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Why we're running for Boston
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John D. Sutter
April 25, 2013 -- Updated 0947 GMT (1747 HKT)
Andrew Bunyard, 28, works at a hospital in Boston. "I refuse to forget what I witnessed and heard," he said.
Sharon Berger Cooper, 40, from Parkland, Florida, said the tragedy in Boston made her more grateful for her health and ability to run.
Lauren Germaine, 33, lives in North Carolina but calls Boston home. She hopes to run the marathon there next year.
Kylee Seibert, 27, from Bowling Green, Ohio, says she was inspired by "people running towards the scene" after the blasts in Boston.
Rosalind Cohen-Baruch, 44, from San Francisco, started running to lose weight and feel better about herself. She's running for people who have had that feeling taken away.
Cheering spectators are the only reason Ezra Gonzales-Müller, 35, from Germany, says he can finish a race. "I am devastated that they were targeted," she says. "My heart weeps."
Sean Houston, a CNN employee in Atlanta, says people who helped victims in Boston "remind us of the best of America."
"The bombings reminded me that I have a gift. I have my legs," says Catina Culshaw, 39, from Birdsboro, Pennsylvania.
Mark Giannetti, 23, lives near the site of the bombing. "I've been running every day to try and keep my mind clear," he says, "which doesn't quite work."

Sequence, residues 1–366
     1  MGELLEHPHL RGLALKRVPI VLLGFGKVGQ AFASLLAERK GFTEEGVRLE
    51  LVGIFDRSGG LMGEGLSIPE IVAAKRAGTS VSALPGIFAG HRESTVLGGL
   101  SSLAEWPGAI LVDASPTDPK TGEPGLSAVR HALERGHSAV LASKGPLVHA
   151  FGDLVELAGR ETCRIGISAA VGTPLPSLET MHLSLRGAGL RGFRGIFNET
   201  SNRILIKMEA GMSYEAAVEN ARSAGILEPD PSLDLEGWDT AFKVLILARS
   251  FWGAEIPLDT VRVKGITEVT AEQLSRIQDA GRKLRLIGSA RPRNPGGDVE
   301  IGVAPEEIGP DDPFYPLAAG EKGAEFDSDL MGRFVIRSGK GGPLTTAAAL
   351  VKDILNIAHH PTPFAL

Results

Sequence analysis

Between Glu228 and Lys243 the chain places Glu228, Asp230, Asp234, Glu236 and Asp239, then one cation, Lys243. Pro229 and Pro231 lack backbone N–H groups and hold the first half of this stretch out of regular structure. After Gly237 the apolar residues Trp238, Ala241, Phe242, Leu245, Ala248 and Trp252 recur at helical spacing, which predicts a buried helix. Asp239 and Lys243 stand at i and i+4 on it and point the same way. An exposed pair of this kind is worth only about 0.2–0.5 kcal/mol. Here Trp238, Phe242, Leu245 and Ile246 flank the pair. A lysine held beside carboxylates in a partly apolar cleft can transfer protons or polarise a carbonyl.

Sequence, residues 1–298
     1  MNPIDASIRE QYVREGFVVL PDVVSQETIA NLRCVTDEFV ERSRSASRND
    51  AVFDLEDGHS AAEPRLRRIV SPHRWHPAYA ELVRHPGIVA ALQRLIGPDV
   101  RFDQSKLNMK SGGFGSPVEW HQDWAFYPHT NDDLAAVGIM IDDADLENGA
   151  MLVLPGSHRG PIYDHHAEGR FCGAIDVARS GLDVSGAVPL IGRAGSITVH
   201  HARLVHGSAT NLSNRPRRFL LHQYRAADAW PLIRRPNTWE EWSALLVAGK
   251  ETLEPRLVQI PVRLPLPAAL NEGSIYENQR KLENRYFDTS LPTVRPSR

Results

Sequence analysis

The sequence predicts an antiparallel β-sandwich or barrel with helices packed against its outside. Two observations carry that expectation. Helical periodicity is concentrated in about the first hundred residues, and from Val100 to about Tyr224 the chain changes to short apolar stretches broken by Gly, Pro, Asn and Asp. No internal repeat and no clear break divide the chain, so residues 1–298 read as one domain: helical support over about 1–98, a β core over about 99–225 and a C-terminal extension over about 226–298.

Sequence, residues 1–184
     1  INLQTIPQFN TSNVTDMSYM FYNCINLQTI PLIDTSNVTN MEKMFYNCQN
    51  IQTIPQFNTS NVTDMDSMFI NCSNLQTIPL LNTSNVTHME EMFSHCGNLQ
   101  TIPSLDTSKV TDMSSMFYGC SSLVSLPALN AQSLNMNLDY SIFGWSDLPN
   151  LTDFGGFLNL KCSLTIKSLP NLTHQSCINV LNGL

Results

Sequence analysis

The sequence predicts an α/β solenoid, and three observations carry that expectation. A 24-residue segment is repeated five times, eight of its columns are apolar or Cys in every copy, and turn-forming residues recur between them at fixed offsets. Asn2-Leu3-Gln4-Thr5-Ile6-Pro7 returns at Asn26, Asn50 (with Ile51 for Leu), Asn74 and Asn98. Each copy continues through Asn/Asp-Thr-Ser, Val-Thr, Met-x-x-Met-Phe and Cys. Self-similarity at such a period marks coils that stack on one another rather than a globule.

Jenifer Jagielski, 45, from Sydney, who broke her foot running, says the sport is great because it lets friends and family members share ups and downs together.
Deborah Kara, 26, who lives in Saudi Arabia, says Boston's victims "deserve our full support and cheering."
"I never thought I would say this, but I am going to run that marathon next year," said Karin Kenney, 45, of Massachusetts.
Texan Jennifer Kirkpatrick, 41, plans to run the Dallas Marathon.
Joseph Larramendia, 24, from New Jersey, wants to run to demonstrate how "strong and resilient" Americans are.
John Mulholland, a 42-year-old in Illinois, started a
Run for Boston Facebook group
that has about 25,000 members.
Becca Obergefell, 26, from Ohio,
started a website
where people can log the miles they're running for Boston.
Beatriz Orozco, 28, from California, likes running for its sense of community -- and because she only has to compete with herself.
"I'd like to show marathon runners and those watching that I'm inspired by so many of them," said Jessica Pilkington, a 27-year-old who works in Boston.